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Type: Journal article
Title: Phosphonic acid functionalized silica gels for intermediate temperature proton conduction
Author: Jin, Y.
Qiao, S.
Xu, Z.
Yan, Z.
Huang, Y.
da Costa, J.
Lu, G.
Citation: Journal of Materials Chemistry, 2009; 19(16):2363-2372
Publisher: Royal Soc Chemistry
Issue Date: 2009
ISSN: 0959-9428
Statement of
Yong Gang Jin, Shi Zhang Qiao, Zhi Ping Xu, Zhimin Yan, Yining Huang, João C. Diniz da Costa and Gao Qing Lu
Abstract: Highly proton conductive silicas with phosphonic acid functionalization were synthesized by co-condensation of diethylphosphatoethyltriethoxysilane (DPTS) and tetraethoxysilane in a sol-gel process, followed by acidification of the phosphonate groups. These functionalized silicas with various phosphonic acid contents were extensively characterized to examine their structures and properties; in particular their intermediate temperature proton conductivity at 100–150 °C were systematically investigated under a variety of relative humidity (RH) conditions. The prepared samples have a mesoporous or nonporous structure depending on the DPTS amount used in the synthesis, and show high thermal stability under inert and oxidative atmospheres. We found that the present silicas still exhibit water-dependent proton conduction, but their conductivity under low humidity conditions has been significantly enhanced by up to two orders of magnitude compared to those phosphonic acid functionalized silicas previously reported. Herein, the highest conductivity has been obtained at 150 °C ranging from 4.4 × 10−4 S cm−1 at 20% RH to 0.031 S cm−1 at 100% RH. In general, proton conductivity is largely influenced by the content of phosphonic acid and the porous structure of the materials. Notably, the uniform mesostructure with a high surface area was found to greatly improve the proton conductivity at low humidity. The vehicle mechanism dominates the proton conduction at high humidity, whereas the conductivity at low humidity is likely a consequence of the structure diffusion (the Grotthuss mechanism). In addition, these materials are insoluble in water, rendering a practical suitability for fuel cell applications.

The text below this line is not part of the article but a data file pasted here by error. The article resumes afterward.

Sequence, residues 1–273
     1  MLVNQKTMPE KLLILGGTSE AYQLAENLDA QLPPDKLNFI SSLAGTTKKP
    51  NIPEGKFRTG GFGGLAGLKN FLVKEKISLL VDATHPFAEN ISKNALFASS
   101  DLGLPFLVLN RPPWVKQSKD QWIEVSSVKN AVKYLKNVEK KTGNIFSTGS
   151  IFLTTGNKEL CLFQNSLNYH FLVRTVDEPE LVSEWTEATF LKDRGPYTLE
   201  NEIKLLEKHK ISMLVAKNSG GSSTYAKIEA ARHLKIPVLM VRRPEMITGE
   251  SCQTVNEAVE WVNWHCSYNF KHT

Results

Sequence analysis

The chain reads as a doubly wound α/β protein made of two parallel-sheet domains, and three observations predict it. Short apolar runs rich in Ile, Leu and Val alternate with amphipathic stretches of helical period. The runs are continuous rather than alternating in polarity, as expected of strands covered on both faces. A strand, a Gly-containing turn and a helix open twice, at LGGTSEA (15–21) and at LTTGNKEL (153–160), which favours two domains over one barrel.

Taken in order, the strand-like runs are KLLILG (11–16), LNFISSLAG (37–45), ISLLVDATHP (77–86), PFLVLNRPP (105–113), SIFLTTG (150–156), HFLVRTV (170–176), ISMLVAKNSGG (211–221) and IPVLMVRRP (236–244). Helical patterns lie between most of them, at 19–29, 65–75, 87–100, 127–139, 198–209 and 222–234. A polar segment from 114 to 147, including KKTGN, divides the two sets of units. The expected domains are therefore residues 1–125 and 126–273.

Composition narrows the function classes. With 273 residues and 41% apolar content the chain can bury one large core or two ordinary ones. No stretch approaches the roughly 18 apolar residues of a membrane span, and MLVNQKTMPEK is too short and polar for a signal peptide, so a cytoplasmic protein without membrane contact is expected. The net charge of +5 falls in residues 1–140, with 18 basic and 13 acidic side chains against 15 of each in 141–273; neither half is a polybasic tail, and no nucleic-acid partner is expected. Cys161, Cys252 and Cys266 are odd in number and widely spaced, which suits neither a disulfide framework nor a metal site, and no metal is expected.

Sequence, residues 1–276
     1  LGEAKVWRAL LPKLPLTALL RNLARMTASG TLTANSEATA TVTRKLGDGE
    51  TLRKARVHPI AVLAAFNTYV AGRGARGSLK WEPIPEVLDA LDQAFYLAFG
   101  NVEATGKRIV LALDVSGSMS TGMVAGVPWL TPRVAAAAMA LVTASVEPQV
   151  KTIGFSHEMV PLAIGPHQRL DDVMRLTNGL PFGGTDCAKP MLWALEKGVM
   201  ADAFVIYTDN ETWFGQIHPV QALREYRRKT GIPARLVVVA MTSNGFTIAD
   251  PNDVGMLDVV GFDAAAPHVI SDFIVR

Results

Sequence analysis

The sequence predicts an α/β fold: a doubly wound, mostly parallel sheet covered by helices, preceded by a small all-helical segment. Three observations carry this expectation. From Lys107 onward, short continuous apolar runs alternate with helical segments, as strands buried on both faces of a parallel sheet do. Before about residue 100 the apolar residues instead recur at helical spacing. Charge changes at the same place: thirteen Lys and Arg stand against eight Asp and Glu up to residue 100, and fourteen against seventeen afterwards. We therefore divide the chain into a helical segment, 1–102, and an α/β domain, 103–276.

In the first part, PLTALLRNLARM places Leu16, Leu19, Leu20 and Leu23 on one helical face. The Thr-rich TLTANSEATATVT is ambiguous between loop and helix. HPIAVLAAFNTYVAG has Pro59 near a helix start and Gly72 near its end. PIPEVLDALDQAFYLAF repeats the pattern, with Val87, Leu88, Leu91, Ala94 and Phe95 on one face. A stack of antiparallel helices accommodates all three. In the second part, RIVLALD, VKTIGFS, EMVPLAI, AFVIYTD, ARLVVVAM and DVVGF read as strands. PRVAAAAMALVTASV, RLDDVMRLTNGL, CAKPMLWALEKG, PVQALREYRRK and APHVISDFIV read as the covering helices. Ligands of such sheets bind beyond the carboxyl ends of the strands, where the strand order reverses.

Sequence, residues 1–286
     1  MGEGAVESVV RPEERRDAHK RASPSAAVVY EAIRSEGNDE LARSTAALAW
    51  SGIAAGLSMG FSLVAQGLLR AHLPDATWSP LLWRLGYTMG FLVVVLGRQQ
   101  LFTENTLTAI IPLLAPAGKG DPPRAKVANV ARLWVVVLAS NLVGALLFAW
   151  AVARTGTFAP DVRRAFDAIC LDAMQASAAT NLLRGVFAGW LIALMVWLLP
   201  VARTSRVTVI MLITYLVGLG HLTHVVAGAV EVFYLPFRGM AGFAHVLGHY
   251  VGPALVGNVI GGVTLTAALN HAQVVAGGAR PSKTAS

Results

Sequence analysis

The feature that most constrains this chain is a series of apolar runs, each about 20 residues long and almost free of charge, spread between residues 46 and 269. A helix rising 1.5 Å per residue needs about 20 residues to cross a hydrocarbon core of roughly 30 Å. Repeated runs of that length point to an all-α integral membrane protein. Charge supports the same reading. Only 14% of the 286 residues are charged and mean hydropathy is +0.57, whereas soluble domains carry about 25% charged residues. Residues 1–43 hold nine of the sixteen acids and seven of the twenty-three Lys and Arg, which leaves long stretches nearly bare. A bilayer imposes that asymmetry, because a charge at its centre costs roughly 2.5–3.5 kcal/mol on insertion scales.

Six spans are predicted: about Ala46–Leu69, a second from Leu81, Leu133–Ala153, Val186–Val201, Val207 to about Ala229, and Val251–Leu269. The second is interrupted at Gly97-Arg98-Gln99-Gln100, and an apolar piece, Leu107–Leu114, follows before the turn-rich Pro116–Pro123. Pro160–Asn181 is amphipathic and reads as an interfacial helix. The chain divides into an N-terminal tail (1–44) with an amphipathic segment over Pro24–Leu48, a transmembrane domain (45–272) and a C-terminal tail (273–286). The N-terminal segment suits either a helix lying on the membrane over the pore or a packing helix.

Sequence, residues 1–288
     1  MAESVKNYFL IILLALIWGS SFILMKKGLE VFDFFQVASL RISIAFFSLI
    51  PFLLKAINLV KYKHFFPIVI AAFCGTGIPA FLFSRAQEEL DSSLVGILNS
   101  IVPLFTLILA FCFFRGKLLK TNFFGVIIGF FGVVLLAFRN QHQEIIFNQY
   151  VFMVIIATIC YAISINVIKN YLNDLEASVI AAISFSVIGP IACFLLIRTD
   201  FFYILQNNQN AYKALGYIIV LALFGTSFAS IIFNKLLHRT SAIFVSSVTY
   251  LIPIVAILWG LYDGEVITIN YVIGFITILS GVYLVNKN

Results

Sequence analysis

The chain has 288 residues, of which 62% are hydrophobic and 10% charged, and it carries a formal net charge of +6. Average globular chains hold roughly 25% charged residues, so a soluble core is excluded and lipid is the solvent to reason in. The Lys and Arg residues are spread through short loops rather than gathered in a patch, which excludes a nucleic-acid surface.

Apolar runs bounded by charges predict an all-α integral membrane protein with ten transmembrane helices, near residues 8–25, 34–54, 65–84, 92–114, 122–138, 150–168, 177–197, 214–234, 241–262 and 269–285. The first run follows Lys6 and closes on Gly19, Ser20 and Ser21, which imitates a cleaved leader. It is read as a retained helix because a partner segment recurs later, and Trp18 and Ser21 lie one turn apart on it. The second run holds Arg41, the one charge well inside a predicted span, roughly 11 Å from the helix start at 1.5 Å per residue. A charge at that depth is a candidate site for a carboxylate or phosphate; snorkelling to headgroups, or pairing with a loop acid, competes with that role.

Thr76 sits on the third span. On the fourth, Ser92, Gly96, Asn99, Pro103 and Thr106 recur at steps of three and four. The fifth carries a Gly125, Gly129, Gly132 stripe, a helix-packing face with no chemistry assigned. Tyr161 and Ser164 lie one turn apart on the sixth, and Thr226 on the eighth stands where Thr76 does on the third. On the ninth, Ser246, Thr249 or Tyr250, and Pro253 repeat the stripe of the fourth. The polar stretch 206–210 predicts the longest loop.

Rights: © The Royal Society of Chemistry 2009
DOI: 10.1039/B819379G
Grant ID: ARC
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